He created an indigenous digital currency system. The dream is still alive.

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Early on, Harris set aside 10 million coins as a reserve for a Lakota development fund. Apart from the reserve, little technically distinguishes MazaCoin from Bitcoin, making it a bit of a tough sell as an attractive “alternative coin.” But Harris isn’t looking to woo a wide range of investors. He says he didn’t even need the skyrocketing valuations seen early on; he just wants to build a system that can bring value to natives, starting with the Lakota on Pine Ridge and expanding to other tribes and reservations from there.

MazaCoin’s challenges today are very different from those encountered a few years ago. Harris and his team realized that to establish a national currency, the tribal council needed to have the ability to set monetary policy. “I was talking about the sovereignty aspect,” he says, “but having our own monetary structure and a dynamic, comprehensive monetary policy is how we’re going to build our economy, that’s how we’re going to build our markets. , and that’s how we’re going to build for the future—that’s how we’re going to move away from federal funding. Period.”

Tribes have some freedom from US regulations, which means new policies targeting crypto might not affect MazaCoin.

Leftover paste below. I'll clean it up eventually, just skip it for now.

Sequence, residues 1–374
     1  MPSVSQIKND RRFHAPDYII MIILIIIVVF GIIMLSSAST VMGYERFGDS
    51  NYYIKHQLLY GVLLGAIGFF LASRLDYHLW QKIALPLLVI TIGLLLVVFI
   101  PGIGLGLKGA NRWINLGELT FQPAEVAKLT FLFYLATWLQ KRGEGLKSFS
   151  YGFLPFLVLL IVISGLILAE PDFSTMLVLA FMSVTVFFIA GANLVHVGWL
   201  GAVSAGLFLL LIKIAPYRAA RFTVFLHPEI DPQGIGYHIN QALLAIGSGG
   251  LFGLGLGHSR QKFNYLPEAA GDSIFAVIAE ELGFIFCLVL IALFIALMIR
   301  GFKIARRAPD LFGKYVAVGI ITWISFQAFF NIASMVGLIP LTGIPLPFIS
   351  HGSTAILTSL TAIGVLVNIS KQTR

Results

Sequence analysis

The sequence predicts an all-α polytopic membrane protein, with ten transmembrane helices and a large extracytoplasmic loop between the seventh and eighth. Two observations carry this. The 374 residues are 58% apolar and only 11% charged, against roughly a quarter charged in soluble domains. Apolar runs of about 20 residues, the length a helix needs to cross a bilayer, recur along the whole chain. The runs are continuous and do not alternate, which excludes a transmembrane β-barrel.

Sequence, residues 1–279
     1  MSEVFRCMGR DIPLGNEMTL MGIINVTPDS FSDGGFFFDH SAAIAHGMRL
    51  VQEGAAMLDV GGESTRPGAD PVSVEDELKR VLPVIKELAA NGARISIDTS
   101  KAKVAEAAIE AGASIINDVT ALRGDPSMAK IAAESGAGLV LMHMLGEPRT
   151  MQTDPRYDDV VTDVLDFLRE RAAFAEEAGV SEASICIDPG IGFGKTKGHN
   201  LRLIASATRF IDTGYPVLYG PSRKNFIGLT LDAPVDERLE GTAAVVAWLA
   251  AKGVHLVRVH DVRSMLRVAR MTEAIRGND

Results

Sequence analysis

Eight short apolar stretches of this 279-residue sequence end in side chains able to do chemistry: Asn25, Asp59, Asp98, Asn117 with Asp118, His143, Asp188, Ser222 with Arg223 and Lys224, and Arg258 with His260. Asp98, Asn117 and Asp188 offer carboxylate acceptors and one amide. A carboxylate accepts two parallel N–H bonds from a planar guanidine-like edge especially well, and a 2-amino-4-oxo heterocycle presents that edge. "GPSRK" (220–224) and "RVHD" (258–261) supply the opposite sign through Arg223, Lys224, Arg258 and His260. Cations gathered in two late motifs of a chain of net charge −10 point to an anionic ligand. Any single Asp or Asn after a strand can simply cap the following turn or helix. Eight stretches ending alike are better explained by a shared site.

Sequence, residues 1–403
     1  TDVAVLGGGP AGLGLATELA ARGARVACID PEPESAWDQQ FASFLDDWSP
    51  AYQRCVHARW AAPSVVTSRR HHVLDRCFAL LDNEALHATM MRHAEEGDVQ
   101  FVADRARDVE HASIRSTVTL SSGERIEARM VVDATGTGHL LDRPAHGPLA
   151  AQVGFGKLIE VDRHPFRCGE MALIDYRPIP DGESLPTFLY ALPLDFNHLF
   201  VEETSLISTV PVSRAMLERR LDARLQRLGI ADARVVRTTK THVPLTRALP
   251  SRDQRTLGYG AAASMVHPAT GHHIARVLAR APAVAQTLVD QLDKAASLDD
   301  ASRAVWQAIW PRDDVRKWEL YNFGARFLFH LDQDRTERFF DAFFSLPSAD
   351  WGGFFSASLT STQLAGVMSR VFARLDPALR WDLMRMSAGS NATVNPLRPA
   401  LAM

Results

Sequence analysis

Currently, Indigenous nations use the US dollar, which makes them dependent on policies set by the Federal Reserve, Treasury, and Congress. But as “country-dependent” nations, the tribes have some freedom from US regulations, which means new policies targeting crypto might not affect MazaCoin. Harris hopes this isolation could make MazaCoin more attractive in the near future, given the renewed federal appetite for crypto regulation.

In the meantime, Harris has found other uses for all of his technology. He worked on the symbolization of natural resources owned by the tribe, such as unmined gold in the Black Hills or coal reserves that could be commoditized. Harris also stores tribal treaties, documents, and historical assets on the blockchain to establish an indigenous recordkeeping system. For him, it’s about finding new ways to assert his sovereignty and put money back into the reserve.

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